Two United Rugby Championship (URC) teams, Irish side Munster and Welsh side Cardiff, will remain in South Africa for the being after both sides reported positive coronavirus tests in their respective squads.
The URC had on Friday announced the postponement of Round 6 and 7 fixtures which were set to take place in South Africa on November 27 and December 3. The fixtures were postponed due to the UK and the European Union placing South Africa on their travel red lists following the emergence of the Omicron COVID-19 variant.
The URC also cited the potential hotel quarantines enforced upon travelers returning from South Africa.
The four fixtures in South Africa slated for November 27 were: Cell C Sharks v Scarlets, Emirates Lions v Cardiff, Vodacom Bulls v Munster and DHL Stormers v Zebre Parma. They were supposed to be the South African sides’ first home games of the season.
Munster said they had returned to their hotel base in Cape Town to isolate following confirmation that one positive result was returned from tests carried out on Saturday. The players and staff are set to undergo another round of PCR testing on Monday with the results from same expected on Tuesday.
“We have one player in a different hotel who is doing as well as possible after receiving a positive PCR result, while the remainder of the group are isolating individually at the team hotel,” Munster head coach Johann van Graan said.
“Work is ongoing with all relevant authorities in securing our return to Ireland at a time when safe and appropriate but for now our priority is to look after our players and staff.”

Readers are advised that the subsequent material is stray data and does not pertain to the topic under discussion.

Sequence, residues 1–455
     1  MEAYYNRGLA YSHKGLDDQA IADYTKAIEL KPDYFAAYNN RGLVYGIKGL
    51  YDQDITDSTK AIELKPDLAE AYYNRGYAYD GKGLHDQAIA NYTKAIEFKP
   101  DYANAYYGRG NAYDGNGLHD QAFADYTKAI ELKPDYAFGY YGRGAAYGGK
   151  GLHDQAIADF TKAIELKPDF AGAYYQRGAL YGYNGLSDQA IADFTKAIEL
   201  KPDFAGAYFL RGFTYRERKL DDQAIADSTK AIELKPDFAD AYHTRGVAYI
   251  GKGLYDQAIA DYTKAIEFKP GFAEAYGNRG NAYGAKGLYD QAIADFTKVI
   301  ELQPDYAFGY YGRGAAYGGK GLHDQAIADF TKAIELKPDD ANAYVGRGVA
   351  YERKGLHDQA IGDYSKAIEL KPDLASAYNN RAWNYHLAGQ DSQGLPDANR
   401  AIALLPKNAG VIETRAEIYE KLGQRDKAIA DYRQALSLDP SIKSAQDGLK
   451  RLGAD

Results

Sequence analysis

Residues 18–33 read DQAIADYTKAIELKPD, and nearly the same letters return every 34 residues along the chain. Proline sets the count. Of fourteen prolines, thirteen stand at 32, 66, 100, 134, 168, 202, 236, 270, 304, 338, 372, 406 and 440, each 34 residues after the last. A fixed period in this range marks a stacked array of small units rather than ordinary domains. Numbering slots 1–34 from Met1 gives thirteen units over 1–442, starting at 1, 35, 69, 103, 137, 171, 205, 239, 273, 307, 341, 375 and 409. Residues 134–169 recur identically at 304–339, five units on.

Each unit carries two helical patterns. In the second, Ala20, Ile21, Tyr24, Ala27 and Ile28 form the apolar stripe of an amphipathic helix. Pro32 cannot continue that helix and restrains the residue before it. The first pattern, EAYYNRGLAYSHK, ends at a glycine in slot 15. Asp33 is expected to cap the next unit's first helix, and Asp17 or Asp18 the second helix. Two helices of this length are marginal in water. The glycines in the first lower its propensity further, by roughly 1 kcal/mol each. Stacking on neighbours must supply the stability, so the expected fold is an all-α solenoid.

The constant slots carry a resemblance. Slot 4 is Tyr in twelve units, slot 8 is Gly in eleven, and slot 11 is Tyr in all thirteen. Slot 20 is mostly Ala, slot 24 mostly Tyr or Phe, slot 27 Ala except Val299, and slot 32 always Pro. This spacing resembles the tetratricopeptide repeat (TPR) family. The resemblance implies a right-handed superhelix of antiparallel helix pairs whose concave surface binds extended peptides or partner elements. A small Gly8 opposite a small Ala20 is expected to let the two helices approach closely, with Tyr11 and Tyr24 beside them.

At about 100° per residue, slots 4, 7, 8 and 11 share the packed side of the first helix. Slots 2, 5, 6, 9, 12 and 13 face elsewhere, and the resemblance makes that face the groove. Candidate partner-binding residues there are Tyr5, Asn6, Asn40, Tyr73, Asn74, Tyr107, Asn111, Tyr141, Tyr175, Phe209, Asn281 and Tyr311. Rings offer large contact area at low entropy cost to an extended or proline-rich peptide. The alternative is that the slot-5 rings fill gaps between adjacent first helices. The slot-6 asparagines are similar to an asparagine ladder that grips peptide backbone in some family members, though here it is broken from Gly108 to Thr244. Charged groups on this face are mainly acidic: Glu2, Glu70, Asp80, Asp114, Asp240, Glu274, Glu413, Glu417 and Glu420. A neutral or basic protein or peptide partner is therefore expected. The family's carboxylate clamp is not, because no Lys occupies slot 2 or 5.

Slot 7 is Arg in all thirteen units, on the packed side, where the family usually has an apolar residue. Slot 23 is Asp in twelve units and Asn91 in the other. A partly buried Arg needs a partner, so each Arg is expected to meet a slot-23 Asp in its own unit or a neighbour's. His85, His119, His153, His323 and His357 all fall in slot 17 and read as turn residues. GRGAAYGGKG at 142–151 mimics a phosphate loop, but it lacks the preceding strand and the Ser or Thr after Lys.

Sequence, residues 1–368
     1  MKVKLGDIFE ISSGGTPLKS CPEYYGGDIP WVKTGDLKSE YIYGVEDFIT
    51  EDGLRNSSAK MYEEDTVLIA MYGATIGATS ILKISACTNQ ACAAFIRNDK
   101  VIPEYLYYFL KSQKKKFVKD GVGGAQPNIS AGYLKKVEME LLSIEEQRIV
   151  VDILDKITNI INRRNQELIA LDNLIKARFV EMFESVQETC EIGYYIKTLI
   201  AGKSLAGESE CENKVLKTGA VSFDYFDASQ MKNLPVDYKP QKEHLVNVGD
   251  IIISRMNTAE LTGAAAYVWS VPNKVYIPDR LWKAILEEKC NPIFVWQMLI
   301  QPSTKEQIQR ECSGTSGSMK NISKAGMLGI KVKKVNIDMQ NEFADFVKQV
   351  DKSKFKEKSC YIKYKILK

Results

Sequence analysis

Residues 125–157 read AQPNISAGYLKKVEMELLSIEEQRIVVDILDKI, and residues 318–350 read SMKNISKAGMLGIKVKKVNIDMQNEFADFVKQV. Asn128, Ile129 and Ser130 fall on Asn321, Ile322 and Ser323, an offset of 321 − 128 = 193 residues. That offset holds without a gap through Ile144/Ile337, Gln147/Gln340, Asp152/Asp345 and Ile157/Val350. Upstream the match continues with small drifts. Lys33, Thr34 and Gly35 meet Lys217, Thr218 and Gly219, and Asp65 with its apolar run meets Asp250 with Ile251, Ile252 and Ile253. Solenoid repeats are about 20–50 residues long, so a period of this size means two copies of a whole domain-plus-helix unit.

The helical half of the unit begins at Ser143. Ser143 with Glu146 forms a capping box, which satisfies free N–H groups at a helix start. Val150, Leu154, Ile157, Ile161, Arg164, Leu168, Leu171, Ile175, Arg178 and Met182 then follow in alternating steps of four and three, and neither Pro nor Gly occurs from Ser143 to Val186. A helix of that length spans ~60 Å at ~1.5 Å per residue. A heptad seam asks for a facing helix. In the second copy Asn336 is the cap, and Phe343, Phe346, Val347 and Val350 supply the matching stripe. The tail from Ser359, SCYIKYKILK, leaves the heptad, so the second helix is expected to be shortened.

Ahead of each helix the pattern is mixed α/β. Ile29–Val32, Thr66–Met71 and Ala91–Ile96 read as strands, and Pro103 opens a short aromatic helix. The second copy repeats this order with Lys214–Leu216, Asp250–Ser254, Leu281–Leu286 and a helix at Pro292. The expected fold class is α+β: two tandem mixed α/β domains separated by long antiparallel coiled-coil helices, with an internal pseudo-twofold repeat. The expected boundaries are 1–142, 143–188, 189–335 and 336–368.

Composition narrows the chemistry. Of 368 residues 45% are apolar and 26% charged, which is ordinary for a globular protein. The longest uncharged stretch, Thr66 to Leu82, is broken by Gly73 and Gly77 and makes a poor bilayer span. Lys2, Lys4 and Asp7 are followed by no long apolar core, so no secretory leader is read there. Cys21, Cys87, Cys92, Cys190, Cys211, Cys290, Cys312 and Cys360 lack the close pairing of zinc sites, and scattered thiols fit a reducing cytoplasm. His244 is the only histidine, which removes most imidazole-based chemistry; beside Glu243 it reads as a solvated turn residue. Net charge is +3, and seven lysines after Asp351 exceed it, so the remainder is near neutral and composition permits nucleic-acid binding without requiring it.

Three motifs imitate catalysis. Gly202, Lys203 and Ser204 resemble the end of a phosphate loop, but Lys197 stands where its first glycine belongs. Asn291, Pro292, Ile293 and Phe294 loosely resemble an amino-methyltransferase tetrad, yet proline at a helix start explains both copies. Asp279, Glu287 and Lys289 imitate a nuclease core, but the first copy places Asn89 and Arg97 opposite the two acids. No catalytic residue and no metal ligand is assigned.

Cardiff, on the other hand, confirmed that two positive cases of COVID-19 were detected with one of them suspected to be of the new variant. Cardiff had hoped to leave South Africa on Sunday afternoon but the results forced the team to return to their hotel to isolate.
“The club are also continuing to work with all relevant authorities to secure the travelling party’s return to Wales when safe and appropriate,” Cardiff said in a statement.
The B.1.1.529 variant, which is suspected to be more infectious than previous variants of the virus, was first reported to the World Health Organization from South Africa on November 24 and has been identified in some southern African countries, like South Africa and Botswana.
The variant is reported to be responsible for an increased number of coronavirus infections in some countries and has also been detected in nations outside the continent like Belgium, Hong Kong, Italy, Germany, Austria, the Netherlands and the UK.
(Story compiled with assistance from wire reports)